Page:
Why Is Implementing Change So Hard?
Achieving change in an organization requires a relentless commitment to include people and their thoughts in the process. Most change efforts fail because of a lack of understanding of the dynamics of organizational change. Organizations behave like a biological system. They attempt to achieve balance by resisting agents of intervention or interruption. The organization as a whole – the “system” – will routinely resist organizational change efforts above and beyond the resistance of specific individuals.
Successful change requires a multi-level approach to prevail – a “commitment for the long haul” by top management, full “ownership” by the workforce and continual support for and by middle management.
A rethinking of organizational communication is usually required to ensure a successful change initiative. This includes setting up the right structures, channels and procedures to communicate with the workforce on the progress of the change effort.
Major change requires continual buy-in from the workforce. The most important part of any change effort is the “selling” of it. A useful viewpoint to adopt is that buy-in from the workforce is never completed.
Preparing for the challenge of implementing change is difficult. Having the tools as managers to dislodge predictable roadblocks is critical. By gaining a deeper understanding of the dynamics of organizational change and specifically the fundamental principles of implementing change, you will be better prepared to drive change whether it is within your team or through your organization.
You want to continually develop yourself and ensure that those who work for you continue to learn. You need to share information with team members and not be afraid to repeat your message. Typically, it takes at least seven times to hear something before it is remembered. Sharing information needs to become an important part of the culture to increase organizational learning.
Change requires patience and persistence that is measured in years, not months. When change does not produce the desired results as quickly as many hope, skeptics can then say, “I told you so” and confidence about the change begins to erode. Employees begin to wonder if the change effort will continue. Top management's long-term commitment is especially critical to shore up support and keep up morale.
Poor business results unconnected to the change effort will put pressure on management to “get back to basics.” Senior management's support has to be loud and constant to allay fears that the plug will be pulled. When change initiatives are terminated midstream or left to languish indefinitely, it makes it more difficult to gain employee interest in later programs. Employees can often list at least a half dozen failed initiatives, or “flavors of the month” programs. Some organizations become “change-immune” as a result of their inability to undergo the changes necessary to survive. Meanwhile, others have flourished because they have taken the difficult ground in getting their workforce equipped for the new world of work.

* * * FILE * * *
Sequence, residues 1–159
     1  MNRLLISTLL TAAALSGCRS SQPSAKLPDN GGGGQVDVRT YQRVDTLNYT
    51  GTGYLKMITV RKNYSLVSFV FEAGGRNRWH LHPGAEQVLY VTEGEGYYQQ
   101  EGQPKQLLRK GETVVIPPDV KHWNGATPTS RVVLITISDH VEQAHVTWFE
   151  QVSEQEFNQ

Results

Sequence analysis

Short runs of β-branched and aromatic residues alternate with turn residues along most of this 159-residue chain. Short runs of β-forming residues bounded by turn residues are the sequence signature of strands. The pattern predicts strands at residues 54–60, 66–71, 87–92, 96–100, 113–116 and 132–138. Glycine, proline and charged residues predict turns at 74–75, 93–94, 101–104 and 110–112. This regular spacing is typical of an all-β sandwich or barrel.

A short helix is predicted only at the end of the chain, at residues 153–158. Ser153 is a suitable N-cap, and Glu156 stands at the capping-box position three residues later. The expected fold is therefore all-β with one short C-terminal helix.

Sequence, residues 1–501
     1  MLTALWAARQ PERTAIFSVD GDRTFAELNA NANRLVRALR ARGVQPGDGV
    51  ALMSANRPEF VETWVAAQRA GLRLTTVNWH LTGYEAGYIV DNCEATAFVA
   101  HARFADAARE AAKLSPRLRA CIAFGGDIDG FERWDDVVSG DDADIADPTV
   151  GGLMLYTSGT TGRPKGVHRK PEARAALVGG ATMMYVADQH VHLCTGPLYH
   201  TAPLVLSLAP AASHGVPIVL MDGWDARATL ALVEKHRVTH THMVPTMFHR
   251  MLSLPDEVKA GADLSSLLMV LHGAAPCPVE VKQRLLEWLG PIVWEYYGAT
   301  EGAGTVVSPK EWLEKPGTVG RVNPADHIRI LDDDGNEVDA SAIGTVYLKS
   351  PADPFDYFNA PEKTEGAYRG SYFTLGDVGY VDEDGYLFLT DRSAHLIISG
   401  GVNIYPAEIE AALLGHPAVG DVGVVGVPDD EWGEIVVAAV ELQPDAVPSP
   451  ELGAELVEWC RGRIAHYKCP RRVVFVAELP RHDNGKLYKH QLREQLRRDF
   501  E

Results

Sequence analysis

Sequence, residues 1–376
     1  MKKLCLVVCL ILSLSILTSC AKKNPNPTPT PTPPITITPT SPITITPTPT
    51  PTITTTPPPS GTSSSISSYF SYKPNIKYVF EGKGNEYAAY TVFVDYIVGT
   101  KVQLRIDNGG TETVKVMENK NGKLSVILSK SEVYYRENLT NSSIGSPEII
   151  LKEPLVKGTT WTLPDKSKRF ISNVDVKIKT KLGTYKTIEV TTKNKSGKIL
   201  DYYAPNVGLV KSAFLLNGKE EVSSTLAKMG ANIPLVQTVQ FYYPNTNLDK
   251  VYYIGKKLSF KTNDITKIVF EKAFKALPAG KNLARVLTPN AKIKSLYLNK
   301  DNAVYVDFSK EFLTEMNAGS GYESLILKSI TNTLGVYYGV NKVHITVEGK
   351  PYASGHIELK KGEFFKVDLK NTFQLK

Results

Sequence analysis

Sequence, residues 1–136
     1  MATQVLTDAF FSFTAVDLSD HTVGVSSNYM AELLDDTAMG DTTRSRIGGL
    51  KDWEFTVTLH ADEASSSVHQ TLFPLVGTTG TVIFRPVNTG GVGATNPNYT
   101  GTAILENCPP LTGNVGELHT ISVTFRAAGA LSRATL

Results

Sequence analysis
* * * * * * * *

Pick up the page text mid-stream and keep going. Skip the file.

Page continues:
Part of a manager's education in organizational change is understanding the factors that can speed it up or slow it down. Certain factors can accelerate change by “positively reinforcing” the gains that are made. Individual/team learning and success can be powerful accelerators of change. Well-documented and well-communicated, improved organizational performance can also be a powerful accelerator as the workforce sees the business benefits of culture change. When successes are celebrated and recognized, motivation levels can be maintained. Coaching through difficult times can additionally help to maintain focus and commitment levels.
There are also inhibitors of change to be aware of. Just as there are limits to growth in any living system, there may be limiting factors in how organizational systems fundamentally change. The system itself may resist change. Individual fears or concerns about change can inhibit or limit the organizational change with common complaints like, “I can't do this and my job,” “We’ve tried this and it doesn't work,” “This is just an excuse for downsizing,” “Management is the roadblock, not us, they never walk the talk” or “It's just another program, so who cares?”
Unless the workforce buys into the change process – understanding its personal benefits and adopting it as its own – it may push back, consciously or unconsciously, against what it perceives as a top-down, hierarchically mandated, spoon-fed program. People must be empowered to understand the effort and be provided with the skills necessary to execute the changes. But there are some fundamental principles for implementing change including: Manage the buy-in, manage the communication, manage the outcomes and the timetable, manage the morale, manage the education and manage the politics that will make a huge difference in whether your change initiative is sustainable.
Stuart Levine is the Chairman & CEO of Stuart Levine & Associates, EduLeader LLC. He can be reached at 516-465-0800 or email@example.com.